UN 3373, Diagnostic Specimens, shall be packed in good quality packaging, which shall be strong enough to withstand the shocks and loads normally encountered during transport. Packaging shall be constructed and closed so as to prevent any loss of contents that might be caused under normal conditions of transport, by vibration or by changes in temperature, humidity or pressure.

Primary receptacles shall be packed in secondary packaging in such a way that, under normal conditions of transport, they cannot break, be punctured or leak their contents into the secondary packaging. Secondary packaging shall be placed in a final outer package with suitable cushioning material. Any leakage of the contents shall not substantially impair the protective properties of the cushioning material or of the outer packaging.

For Liquids
The primary receptacle(s) shall be leakproof and shall not contain more than 500 ml. There shall be absorbent material placed between the primary receptacle and the secondary packaging; if several fragile primary receptacles are placed in a single secondary packaging, they shall be either individually wrapped or separated so as to prevent contact between them. The absorbent material shall be in sufficient quantity to absorb the entire contents of the primary receptacles and there shall be a secondary packaging that shall be leakproof. The primary receptacle or the secondary packaging shall be capable of withstanding without leakage an internal pressure producing a pressure differential of not less than 95 kPa (0.95 bar). The outer packaging shall not contain more than 4 litres.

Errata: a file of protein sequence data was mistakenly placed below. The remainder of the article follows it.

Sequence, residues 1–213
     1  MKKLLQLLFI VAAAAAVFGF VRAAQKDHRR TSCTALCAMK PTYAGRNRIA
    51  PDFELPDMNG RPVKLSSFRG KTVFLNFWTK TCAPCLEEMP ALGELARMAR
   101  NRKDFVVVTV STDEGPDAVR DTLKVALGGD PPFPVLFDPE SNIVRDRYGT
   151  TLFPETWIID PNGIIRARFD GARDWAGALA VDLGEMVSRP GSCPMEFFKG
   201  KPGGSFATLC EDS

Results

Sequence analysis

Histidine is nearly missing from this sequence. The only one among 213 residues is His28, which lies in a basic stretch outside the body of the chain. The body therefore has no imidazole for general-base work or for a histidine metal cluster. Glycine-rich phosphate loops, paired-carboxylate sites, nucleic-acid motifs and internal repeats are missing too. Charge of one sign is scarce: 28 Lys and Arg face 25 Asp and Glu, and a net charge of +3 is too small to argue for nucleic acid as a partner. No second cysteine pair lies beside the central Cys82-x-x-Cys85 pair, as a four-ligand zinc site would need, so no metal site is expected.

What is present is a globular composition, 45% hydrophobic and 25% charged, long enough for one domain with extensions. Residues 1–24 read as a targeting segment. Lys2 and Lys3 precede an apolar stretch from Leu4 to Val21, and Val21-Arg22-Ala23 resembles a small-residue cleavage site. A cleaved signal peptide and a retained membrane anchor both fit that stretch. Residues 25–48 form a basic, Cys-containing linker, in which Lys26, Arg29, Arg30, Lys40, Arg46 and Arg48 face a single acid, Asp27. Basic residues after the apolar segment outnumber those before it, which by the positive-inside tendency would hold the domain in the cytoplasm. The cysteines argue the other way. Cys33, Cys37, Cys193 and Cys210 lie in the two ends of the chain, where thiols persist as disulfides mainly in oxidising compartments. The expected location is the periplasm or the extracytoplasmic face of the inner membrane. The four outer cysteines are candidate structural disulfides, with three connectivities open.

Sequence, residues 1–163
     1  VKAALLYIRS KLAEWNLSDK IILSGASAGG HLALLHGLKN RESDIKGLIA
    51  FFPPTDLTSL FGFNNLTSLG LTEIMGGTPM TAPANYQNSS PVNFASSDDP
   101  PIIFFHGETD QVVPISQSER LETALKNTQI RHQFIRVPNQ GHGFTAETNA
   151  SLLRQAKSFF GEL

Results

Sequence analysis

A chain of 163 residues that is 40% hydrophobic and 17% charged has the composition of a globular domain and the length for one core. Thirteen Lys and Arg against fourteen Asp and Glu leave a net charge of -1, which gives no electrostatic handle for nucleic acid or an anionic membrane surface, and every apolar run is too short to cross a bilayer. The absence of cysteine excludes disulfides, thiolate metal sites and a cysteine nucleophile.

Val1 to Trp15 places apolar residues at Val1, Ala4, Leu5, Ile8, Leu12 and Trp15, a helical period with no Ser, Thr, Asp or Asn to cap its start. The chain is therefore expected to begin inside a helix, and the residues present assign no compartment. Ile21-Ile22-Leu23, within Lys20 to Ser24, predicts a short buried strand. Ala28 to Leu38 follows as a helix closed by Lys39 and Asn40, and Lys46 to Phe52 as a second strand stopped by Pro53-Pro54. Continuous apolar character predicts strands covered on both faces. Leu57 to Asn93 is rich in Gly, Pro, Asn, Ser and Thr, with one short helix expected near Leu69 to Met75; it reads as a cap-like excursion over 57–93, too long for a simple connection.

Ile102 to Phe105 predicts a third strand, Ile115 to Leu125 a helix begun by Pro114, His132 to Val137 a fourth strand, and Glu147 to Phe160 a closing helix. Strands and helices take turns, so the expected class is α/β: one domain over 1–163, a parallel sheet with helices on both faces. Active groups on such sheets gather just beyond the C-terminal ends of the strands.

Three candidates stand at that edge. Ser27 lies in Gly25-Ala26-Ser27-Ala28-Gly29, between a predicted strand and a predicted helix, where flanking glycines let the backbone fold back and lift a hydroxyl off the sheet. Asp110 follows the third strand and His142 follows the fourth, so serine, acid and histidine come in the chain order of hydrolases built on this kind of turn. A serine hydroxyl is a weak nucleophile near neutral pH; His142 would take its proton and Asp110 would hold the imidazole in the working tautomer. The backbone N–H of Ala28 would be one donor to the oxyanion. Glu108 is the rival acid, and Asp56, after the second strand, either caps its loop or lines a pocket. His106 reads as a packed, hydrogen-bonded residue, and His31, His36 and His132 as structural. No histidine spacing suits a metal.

For Solids
The primary receptacle(s) shall be sift proof and shall not contain more than 500 g. If several fragile primary receptacles are placed in a single secondary packaging, they shall be either individually wrapped or separated so as to prevent contact between them and there shall be a secondary packaging which shall be leakproof. The outer packaging shall not contain more than 4 kg.

For air transport, the smallest overall external dimension of a completed package must be at least 10 cm.

Packaging must conform to certain performance standards.

For further information about definitions, packaging requirements, markings and labels, accompanying documentation, and refrigerants, please refer to the competent authority, current IATA shipping guidelines, commercial packaging suppliers, or available courier companies.